Letters of the week: time-wasters should cough up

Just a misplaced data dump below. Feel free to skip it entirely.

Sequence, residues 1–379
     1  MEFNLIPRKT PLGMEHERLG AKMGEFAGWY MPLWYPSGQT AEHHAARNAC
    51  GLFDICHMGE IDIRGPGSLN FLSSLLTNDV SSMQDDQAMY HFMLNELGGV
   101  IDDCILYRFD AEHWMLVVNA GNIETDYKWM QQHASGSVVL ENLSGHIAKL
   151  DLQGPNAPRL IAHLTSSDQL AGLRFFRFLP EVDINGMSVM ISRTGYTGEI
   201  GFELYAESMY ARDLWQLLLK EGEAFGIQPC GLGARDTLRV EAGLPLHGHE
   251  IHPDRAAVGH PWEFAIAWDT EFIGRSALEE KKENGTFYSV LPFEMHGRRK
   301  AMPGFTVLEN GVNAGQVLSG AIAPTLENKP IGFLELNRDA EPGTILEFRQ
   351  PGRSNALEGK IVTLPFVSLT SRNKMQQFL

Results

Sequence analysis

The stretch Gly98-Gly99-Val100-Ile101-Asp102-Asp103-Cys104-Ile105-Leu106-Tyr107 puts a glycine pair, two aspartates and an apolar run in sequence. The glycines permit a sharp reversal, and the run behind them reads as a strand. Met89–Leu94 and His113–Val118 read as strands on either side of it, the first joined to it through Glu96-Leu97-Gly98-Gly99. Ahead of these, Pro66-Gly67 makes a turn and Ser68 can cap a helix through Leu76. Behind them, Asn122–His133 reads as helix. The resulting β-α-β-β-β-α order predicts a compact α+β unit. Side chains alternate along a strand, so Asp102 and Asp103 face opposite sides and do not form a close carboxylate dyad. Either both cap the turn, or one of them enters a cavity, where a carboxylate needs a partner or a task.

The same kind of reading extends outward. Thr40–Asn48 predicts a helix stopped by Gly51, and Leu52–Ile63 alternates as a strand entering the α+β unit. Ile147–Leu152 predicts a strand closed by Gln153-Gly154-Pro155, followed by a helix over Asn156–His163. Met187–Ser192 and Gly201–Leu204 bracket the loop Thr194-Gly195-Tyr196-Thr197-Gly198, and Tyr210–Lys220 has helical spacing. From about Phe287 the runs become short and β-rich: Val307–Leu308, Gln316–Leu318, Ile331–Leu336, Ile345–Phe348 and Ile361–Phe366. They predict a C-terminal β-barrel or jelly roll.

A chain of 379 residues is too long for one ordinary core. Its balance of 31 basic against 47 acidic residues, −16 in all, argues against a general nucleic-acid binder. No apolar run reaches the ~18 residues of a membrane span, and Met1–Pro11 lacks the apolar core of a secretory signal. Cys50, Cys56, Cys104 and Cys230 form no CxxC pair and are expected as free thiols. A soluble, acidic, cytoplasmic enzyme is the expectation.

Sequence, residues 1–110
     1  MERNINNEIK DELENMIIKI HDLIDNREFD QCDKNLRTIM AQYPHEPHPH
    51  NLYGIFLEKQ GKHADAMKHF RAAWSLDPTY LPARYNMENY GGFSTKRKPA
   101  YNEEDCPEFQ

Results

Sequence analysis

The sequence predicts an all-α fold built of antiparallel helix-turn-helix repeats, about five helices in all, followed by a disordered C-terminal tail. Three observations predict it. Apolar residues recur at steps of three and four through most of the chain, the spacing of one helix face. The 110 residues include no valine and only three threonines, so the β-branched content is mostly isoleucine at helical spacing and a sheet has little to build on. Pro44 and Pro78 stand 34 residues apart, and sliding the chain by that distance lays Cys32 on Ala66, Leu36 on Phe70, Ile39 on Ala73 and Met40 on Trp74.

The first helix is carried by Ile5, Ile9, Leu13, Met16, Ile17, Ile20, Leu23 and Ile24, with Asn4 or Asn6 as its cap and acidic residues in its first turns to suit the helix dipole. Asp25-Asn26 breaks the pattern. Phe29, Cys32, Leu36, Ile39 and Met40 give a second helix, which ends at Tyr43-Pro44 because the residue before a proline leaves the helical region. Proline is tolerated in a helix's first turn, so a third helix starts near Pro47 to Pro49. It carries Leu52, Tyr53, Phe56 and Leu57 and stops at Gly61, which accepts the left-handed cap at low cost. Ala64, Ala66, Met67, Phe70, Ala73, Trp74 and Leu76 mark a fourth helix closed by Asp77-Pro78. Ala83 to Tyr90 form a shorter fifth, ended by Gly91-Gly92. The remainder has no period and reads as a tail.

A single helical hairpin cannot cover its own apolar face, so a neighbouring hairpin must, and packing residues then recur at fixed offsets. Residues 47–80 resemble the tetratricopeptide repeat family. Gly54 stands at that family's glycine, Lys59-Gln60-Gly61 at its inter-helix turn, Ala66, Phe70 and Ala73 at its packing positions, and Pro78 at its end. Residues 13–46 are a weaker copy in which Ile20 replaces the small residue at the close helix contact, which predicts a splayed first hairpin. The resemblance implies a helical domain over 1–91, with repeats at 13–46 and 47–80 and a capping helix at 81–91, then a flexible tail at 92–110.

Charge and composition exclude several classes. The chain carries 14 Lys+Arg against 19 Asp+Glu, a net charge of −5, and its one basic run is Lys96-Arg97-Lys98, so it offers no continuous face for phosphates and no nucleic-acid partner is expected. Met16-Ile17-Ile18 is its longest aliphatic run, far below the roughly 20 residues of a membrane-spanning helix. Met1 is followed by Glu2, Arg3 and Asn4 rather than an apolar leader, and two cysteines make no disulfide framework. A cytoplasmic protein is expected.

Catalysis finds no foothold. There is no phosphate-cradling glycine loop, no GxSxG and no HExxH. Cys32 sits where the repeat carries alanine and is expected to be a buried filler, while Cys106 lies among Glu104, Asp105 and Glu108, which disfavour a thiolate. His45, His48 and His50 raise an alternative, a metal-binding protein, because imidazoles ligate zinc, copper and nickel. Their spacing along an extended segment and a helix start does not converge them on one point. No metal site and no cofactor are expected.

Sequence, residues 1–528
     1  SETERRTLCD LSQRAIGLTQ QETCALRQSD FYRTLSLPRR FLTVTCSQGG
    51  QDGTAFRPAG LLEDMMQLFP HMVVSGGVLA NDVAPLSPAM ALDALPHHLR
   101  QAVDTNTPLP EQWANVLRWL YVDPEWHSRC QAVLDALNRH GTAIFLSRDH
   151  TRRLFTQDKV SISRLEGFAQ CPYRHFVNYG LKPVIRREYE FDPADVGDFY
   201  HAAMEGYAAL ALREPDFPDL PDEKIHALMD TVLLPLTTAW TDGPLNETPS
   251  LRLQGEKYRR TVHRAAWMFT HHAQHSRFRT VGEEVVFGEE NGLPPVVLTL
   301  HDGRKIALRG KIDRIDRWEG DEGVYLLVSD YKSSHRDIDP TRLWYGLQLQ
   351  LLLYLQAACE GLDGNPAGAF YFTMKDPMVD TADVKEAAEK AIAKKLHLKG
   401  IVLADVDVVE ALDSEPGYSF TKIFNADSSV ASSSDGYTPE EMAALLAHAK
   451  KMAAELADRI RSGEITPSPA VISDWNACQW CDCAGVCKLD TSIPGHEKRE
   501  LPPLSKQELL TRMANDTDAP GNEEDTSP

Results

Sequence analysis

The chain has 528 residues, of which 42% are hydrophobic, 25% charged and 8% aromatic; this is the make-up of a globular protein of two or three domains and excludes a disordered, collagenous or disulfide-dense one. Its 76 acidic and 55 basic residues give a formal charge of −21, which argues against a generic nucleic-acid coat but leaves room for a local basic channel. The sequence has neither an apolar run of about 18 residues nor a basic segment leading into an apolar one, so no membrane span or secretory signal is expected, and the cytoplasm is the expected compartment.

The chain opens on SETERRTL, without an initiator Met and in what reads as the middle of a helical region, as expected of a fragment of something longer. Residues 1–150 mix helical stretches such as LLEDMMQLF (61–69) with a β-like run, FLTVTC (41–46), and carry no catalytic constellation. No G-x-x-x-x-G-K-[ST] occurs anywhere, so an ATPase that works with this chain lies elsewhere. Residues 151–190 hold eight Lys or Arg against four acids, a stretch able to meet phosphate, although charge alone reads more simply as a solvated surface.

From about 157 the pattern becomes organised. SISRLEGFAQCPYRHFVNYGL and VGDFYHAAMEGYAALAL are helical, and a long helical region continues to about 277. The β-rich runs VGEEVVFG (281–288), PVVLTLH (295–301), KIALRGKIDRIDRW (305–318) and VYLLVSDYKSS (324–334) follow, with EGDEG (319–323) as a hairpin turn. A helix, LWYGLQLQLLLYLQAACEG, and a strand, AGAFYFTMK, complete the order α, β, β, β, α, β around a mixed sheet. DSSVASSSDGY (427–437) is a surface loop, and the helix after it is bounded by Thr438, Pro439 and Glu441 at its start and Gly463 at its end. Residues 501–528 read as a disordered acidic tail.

first_imgKeep tribunals in perspectiveHow myheart bleeds for those poor firms who are forced to attend employmenttribunals. It’s as if none of them ever faces a legal challenge except fromdisgruntled ex-staff with no case. The CBIshould be ashamed of itself for supporting tougher rules on time-wasters (News,21 November). Most firms face legal challenges every day that have nothing todo with employment.There is asimple reason why employment tribunals have become time-consuming andexpensive: the increasing use of barristers and solicitors to prepare andpresent cases. I knowemployment law has become embroiled in regulation, but it’s not rocket science.Such activity is all down to laziness – it’s easier to hand the case to a legalexpert. Personnel staff have become further removed from the sharp end; now,there’s a real danger of lawyers becoming involved at even earlier stages inthe employment process. We’ve beenconned into believing that the only way to win a tribunal is to bat harder thanthe opposition. So in troop the barrister, the instructing solicitor andassistants, all of whom have to justify their role – and be paid. But who arethey facing? Non-represented tribunal applicants or, at worst, a trade unionofficial. Hardly justifies all this legal firepower, does it?If we wantthe tribunal process to be more efficient, we should review the need forexpensive legal advice and stop pointing the finger at a few off-the-wallapplicants. The fault can easily be laid at the employer, who ratchets up costsfor no good reason.JimHoggartReading Previous Article Next Article Comments are closed. Related posts:No related photos. I ampleased that some form of risk is likely to be introduced for applicants atemployment tribunals (News, 21 November).Since theincrease of the upper limit of awards at tribunal, many disgruntled formeremployees see the tribunal system as an easy option for financial gain. Often,firms will make a commercial settlement on applications that bear littleresemblance to the actual circumstances of dismissal. While this makes goodshort-term business sense on an individual case basis, it does not bear up inthe long term. It just encourages others to follow suit and try a claim – anyclaim.Thissituation constipates the tribunal system, increases costs for business andunjustly tarnishes the genuine applicants, serving no one’s interests.There hasto be some consideration for the level of potential award against applicantsand their assets, although the proposal for a maximum of £5,000 will not coverthe costs of a professionally run defence by a respondent. A figure double thiswould be more realistic given the employer’s true costs – and the fact thatawards against applicants at the maximum level are likely to be few. Awards areone matter; recovery another – and no doubt another day in court. Ifintroduced, this initiative will be most welcome. It will not end all of ourfrustrations, although it should at least reduce the number of time-wastingclaims.ChrisSharpeHumanresources managerEuropean Helpdesks Weneed to focus on the key issuesThe answerto your question “Will the proposed DTI measures help prevent frivolousclaims?” (News, 21 November) is yes – and about time, too. I’m withCMS Cameron McKenna’s John Renz when he says, “It is the process that costs usso much time and money. It means we have to take our eye off the ball and endup managing failure.” Whenemployers dismiss for good reason, and do it properly, that should be it.Manufacturing in the UK for export markets is being devastated by the strengthof sterling and needs to keep focused on success to have any chance ofsurvival.EricAnderson.Viae-mail Letters of the week: time-wasters should cough upOn 5 Dec 2000 in Personnel Todaylast_img read more

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